Following are UN Secretary-General António Guterres’ remarks to the United Nations Association of the United States of America Global Engagement Summit, in New York today:
Welcome to the United Nations. I am very grateful to Kathy Calvin and the United Nations Foundation for making this happen. I also thank Teta Banks, and the leadership of the United Nations Association of the United States [of America].
I want to congratulate you on the seventy-fifth anniversary. We will have next year the commemoration of the seventy-fifth anniversary at the United Nations.
I hope there will be lots of occasions for interaction with the peoples of the world starting by the peoples of the United States of America in order for the United Nations to be able to reform and to be more able to respond to the aspirations and the needs of the peoples of this world.
Now before we start our conversation, allow me to make three very quick points.
First, a simple thank you — to you all as Americans.
Even at the height of the Second World War, the United Nations Association of the United States of America’s founders knew that grassroots American support would be essential to create an organization that could win the peace.
Among them was Eleanor Roosevelt, who had such a profound influence in drafting the Universal Declaration of Human Rights, and who worked so hard to build your organization after she retired as United States Ambassador to the General Assembly.
Throughout the history of the United Nations, since its founding in San Francisco in 1945, United States leadership and generosity have always been indispensable.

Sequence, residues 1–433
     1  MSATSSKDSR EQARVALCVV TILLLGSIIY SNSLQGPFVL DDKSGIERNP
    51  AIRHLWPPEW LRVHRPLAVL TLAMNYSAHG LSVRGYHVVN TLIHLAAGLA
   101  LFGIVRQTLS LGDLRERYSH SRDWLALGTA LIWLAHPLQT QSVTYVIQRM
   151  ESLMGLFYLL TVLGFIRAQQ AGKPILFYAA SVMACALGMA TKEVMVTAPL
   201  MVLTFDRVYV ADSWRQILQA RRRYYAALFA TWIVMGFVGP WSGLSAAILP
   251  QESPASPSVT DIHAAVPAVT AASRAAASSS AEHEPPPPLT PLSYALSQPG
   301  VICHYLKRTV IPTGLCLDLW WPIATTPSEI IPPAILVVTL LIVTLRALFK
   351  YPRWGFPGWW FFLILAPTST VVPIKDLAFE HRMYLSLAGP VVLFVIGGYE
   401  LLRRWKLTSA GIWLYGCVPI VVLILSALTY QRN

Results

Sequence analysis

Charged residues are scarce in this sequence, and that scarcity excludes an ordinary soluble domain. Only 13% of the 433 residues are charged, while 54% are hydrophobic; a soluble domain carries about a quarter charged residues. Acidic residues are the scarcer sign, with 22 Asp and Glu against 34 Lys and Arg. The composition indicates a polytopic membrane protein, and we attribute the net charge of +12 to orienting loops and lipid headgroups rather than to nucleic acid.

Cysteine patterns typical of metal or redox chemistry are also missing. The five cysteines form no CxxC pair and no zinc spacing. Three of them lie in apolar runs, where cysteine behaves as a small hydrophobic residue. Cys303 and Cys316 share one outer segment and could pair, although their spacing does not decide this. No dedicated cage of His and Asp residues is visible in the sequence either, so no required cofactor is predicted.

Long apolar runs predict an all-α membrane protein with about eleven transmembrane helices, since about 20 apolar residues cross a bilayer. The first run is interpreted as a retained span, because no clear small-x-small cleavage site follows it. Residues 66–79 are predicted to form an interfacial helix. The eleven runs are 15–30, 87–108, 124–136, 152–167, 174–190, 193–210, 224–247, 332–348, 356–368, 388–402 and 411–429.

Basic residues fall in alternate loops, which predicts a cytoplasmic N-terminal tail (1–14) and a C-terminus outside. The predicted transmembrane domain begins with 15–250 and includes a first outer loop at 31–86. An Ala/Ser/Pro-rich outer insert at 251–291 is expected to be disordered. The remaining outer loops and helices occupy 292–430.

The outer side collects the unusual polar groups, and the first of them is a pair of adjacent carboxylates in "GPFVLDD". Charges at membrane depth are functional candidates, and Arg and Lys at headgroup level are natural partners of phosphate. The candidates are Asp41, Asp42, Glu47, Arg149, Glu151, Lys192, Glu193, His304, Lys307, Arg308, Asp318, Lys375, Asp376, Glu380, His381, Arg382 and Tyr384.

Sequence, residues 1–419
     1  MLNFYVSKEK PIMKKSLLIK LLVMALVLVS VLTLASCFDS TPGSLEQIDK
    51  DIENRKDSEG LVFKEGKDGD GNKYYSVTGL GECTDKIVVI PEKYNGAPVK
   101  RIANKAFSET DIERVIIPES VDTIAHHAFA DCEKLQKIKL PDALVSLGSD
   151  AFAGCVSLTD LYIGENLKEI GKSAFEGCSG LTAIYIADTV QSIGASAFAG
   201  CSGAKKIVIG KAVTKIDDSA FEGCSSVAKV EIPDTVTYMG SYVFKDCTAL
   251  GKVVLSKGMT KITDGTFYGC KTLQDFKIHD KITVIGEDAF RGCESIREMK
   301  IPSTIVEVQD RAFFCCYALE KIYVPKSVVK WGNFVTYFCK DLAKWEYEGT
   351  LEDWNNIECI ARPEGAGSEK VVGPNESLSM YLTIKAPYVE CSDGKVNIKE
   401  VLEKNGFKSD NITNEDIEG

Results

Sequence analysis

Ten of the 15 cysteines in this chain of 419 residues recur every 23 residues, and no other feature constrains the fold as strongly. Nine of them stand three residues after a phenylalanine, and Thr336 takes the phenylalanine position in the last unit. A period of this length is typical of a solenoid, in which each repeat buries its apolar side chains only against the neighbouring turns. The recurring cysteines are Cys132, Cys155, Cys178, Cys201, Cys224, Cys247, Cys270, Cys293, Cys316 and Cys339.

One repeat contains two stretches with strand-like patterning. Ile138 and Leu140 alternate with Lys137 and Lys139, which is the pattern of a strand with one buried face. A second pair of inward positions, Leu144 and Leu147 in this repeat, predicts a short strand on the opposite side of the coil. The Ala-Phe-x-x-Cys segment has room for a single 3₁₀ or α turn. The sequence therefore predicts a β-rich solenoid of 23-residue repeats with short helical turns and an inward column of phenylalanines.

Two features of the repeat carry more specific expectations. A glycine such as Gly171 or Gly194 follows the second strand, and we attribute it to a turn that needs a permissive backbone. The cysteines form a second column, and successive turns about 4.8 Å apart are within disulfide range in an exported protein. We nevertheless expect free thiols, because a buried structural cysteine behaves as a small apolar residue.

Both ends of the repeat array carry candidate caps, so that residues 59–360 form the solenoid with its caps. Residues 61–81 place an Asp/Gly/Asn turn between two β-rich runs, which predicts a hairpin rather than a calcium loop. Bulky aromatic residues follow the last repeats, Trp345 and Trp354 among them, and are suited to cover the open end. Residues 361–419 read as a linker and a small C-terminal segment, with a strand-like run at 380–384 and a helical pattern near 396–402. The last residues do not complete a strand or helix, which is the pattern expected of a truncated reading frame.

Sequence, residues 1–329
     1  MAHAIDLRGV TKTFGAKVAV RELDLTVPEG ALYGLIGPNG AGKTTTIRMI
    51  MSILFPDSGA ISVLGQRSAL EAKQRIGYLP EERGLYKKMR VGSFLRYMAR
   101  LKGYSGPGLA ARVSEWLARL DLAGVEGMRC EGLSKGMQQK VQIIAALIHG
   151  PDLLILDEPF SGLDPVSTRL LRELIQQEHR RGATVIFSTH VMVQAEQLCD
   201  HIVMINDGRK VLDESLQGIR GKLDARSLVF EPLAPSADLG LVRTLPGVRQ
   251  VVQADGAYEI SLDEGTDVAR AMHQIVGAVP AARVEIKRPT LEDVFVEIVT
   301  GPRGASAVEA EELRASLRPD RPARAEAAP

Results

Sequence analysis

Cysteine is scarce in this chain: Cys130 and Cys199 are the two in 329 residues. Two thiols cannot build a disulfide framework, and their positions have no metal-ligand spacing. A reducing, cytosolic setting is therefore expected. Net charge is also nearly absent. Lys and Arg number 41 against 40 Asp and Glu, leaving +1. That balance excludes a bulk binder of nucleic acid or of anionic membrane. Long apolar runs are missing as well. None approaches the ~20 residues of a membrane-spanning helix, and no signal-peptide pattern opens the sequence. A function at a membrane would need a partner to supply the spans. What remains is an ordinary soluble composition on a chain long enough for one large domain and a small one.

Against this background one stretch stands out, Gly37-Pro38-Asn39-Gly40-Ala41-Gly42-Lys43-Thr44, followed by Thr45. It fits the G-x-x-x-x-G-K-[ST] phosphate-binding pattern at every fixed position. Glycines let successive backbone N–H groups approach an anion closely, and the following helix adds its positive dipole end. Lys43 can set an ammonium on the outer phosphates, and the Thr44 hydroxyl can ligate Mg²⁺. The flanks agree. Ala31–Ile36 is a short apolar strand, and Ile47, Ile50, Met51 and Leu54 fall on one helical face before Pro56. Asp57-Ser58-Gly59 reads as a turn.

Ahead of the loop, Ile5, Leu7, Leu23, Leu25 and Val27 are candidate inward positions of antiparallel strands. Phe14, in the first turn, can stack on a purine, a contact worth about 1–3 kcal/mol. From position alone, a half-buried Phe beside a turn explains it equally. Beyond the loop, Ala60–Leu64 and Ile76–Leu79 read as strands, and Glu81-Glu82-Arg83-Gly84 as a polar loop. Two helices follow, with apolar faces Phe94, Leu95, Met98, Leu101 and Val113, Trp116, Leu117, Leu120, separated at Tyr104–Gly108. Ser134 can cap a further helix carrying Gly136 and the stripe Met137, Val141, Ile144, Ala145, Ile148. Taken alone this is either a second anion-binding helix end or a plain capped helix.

It is no coincidence that the first words of the United Nations Charter, “We the peoples” echo the United States Constitution. I believe the United States Constitution starts by “We the people”. Here it is “We the peoples”, but it is the same inspiration.
I recall from my time as High Commissioner for Refugees the importance of United States support — the largest donor in humanitarian aid around the world. The largest contributor to the United Nations core budget and to our peacekeeping operations.
Over the years, the United States has played a critical role in helping to provide multilateral answers to global challenges.
I always say that United States engagement in the world is one of the strongest forms of support to the United Nations and to our activities. So, I’m very happy to be with all of you here today.
And then we need multilateralism and the engagement of the United States more than ever because we live in testing times. From climate change to migration to terrorism to the downsides of globalization, our challenges are more and more global, and more and more integrated. But, the responses are more and more fragmented, despite the fact that no single country or organization can address these issues alone. It’s a kind of a paradox.
As our threats become more global our capacity response becomes more fragmented. That is why we are facing the enormous difficulties and problems we are facing in today’s world. But of course, saying this is simply not enough.
Because there is a trust deficit out there in the world. As inequality grows, people in all regions are questioning the effectiveness of international cooperation and organizations like the United Nations.
The biggest challenge for Governments and for institutions like ours is to be able to show that we care — that we care especially for those people that feel like they are being left behind with the technological progress and globalization in the Rust Belts of this world — to show that we are able to mobilize solutions that respond to people’s fears and anxieties with answers, with concrete answers for the problems we view.